Justice Minister Jeff Radebe. File photo: Dumisani Sibeko

Johannesburg - As Finance Minister Pravin Gordhan preached the gospel of austerity and value for money, the very financial statements he spoke to on Wednesday highlighted the recently approved procurement of a car for Justice Minister Jeff Radebe to the tune of R1.5 million.

“Wasteful expenditure on expensive cars and overseas trips is unacceptable,” Gordhan said in addressing the National Assembly on Wednesday.

It was with these words that Gordhan moved the country one step forward with his announcement of steps to curb lavish living and exorbitant spending by government leaders.

Expensive luxury cars and unnecessary business class flights, protracted hotel stays, pricey dinners and booze-filled nights would be nipped in the bud in the spirit of “cutting or minimising costs and stopping abuse”.

However, the medium-term budget policy statement tabled in Parliament revealed that the National Treasury had approved the spending of R1.5m on a new vehicle for Radebe.

The revised budget statements for the Justice Department and its entities showed that R1.5m had been shifted to the ministry from an agency under its wing to pay for the new car for Radebe.

At his press briefing on Thursday following the cabinet’s fortnightly meeting the day before, Minister in the Presidency for Performance Monitoring and Evaluation Collins Chabane failed to answer a question about whether he recognised the irony in such an exorbitant sum having been approved for Radebe’s new car when Gordhan had preached austerity in Parliament.

Radebe’s spokesman, Mthunzi Mhaga, said on Thursday the transfer of the funds for the car was an “administrative action done by officials within the department”.

According to the ministerial handbook, ministers qualified for a vehicle worth 70 percent of their annual package, he said. In Radebe’s case, this was R1.4m.

“It is impossible that the minister can buy a vehicle worth R1.5m because he does not qualify and therefore that is wrong and inaccurate. He has never at any given point even considered a vehicle of that price. The minister’s car in Cape Town must be returned to where it was leased from soon, at the end of October,” he said.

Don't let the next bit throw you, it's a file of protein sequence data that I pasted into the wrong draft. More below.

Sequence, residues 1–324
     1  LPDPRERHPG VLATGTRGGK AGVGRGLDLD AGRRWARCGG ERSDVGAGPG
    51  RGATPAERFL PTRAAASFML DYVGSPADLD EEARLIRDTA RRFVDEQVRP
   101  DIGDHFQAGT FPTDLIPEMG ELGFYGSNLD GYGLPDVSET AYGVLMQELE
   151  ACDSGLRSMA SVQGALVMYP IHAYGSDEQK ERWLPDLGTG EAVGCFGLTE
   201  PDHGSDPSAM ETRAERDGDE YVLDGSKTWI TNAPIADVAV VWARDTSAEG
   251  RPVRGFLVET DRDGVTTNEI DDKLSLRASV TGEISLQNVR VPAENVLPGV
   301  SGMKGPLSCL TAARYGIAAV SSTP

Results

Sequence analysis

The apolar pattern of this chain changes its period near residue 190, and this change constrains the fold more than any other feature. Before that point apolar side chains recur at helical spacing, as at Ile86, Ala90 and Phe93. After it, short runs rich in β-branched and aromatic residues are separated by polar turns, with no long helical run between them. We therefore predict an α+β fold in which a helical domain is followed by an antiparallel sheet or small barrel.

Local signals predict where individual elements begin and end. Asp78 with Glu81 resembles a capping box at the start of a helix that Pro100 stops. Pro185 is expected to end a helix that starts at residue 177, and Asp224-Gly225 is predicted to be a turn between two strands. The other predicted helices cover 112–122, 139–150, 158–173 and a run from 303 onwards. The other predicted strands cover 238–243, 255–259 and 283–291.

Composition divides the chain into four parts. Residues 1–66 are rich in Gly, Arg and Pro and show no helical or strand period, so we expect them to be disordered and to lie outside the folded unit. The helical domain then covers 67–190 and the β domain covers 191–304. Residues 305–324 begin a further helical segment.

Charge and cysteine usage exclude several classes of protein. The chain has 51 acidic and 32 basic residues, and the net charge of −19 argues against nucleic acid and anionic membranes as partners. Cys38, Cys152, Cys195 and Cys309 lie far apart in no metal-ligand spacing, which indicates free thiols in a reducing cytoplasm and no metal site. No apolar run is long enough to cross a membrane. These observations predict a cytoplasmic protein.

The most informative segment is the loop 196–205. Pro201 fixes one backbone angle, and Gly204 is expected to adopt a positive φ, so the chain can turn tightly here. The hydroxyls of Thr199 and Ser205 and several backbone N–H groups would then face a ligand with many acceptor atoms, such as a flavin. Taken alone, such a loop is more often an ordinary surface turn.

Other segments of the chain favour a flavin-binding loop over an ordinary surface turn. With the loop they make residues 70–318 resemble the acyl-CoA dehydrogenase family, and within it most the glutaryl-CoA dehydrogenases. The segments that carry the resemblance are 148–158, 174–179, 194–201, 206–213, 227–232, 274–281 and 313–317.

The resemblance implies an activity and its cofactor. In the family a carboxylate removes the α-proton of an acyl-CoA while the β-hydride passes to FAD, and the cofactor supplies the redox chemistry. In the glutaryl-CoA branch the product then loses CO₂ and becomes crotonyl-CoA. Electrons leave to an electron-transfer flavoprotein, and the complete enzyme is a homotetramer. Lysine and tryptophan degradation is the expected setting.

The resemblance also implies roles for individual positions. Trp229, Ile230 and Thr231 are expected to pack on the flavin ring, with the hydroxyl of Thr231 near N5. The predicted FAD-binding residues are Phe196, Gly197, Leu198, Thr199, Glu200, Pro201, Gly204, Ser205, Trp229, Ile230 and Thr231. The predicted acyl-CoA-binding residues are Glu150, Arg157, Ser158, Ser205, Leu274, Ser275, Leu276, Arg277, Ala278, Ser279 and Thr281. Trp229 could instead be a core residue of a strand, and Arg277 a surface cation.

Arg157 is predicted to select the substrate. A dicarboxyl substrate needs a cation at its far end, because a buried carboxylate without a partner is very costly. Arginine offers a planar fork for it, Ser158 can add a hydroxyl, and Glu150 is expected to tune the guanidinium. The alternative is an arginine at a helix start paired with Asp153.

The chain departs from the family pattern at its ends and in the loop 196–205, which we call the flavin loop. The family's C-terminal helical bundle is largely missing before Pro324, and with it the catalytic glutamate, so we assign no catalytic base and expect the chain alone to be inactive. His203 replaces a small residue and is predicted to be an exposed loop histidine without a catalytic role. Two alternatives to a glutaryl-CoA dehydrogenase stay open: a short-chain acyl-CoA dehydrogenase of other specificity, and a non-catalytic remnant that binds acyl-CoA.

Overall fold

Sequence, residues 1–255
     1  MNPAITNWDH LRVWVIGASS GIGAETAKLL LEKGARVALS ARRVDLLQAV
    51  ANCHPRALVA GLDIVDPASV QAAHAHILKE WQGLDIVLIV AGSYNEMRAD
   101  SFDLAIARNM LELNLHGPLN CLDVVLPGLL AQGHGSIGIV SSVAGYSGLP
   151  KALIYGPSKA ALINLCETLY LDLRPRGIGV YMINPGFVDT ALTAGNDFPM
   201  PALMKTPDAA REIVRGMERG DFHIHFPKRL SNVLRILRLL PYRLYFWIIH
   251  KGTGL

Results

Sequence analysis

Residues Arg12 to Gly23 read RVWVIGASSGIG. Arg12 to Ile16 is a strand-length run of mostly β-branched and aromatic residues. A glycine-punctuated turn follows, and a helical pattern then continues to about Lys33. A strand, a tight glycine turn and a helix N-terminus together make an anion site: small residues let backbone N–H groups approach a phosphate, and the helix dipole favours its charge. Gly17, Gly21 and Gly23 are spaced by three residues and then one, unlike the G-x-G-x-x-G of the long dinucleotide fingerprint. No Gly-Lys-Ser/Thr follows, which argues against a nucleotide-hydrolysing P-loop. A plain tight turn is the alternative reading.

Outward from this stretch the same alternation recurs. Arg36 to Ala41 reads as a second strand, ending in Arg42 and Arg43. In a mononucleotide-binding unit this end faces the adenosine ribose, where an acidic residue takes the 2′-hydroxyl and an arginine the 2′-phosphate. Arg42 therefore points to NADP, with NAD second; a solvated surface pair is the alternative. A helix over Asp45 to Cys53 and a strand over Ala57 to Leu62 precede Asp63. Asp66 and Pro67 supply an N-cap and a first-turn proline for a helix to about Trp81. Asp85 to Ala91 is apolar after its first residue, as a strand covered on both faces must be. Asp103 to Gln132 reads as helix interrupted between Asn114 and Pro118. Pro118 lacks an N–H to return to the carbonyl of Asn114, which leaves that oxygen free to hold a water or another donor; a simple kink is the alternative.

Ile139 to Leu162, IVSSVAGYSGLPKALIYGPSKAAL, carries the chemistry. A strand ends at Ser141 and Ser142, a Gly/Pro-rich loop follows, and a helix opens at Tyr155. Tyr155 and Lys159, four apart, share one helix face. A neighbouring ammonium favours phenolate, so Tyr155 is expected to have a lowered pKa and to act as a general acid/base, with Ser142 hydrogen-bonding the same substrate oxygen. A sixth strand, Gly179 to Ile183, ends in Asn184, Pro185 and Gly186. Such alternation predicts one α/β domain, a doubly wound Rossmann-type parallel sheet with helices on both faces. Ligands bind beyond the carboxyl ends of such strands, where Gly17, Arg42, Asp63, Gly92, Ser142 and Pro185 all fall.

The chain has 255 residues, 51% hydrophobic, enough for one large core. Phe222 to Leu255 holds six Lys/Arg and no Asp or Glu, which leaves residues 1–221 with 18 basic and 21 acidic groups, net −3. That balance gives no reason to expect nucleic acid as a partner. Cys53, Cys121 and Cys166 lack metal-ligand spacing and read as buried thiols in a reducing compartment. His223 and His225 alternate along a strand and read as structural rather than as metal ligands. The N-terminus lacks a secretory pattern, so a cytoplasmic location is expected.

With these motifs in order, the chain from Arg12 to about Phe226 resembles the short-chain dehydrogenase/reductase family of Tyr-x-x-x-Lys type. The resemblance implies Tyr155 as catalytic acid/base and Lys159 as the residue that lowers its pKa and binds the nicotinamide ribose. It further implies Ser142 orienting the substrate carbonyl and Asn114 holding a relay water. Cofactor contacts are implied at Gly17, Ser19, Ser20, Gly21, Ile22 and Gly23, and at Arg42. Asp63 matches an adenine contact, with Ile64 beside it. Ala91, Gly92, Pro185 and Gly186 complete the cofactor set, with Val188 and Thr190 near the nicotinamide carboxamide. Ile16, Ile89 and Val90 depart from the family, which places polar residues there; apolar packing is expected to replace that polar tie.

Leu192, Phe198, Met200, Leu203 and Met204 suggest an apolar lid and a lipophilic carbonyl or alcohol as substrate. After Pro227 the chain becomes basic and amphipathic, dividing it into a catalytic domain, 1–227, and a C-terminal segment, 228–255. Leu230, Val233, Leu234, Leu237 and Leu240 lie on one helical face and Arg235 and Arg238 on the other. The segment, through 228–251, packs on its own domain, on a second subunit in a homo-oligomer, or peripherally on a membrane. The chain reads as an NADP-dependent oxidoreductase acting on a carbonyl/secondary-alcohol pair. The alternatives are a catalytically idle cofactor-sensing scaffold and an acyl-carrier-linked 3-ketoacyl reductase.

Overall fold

Mhaga added that “in view of the October 23 cabinet cost- cutting measures, including standardised vehicle purchases, the officials in the department will suspend the purchase of the vehicle pending determination by the cabinet of the purchase method for ministers”.

Gordhan’s spokesman, Jabulani Sikhakhane, said he was in meetings all day and could not comment.

Gordhan said in Parliament that, “as government, we acknowledge that we too must provide value for money”.

“Although most government spending is effectively managed, there are many opportunities to cut or minimise costs and stop abuse. To achieve value for money in these initiatives, we need improvements right across government in financial management. This applies equally to provinces and municipalities, where we have to see much better accountability and discipline in the stewardship of public funds.”

Chabane, reporting to the media on decisions taken at Wednesday’s cabinet meeting, moved to reinforce the moral ground claimed by Gordhan.

He said the long-awaited ministerial handbook, which guided the executive in their spending habits, would be completed soon. The handbook has been under review for about four years.

 

Chabane hailed President Jacob Zuma as having “led from the front”.

“The president is the one who directed us to look and measure what are the things we can do to cut, and then direct it. The president is leading from the front. It did take a bit of time with consultations and technical issues, but we are at a stage where all those matters will be resolved with a legally binding document guiding us.”

The Mercury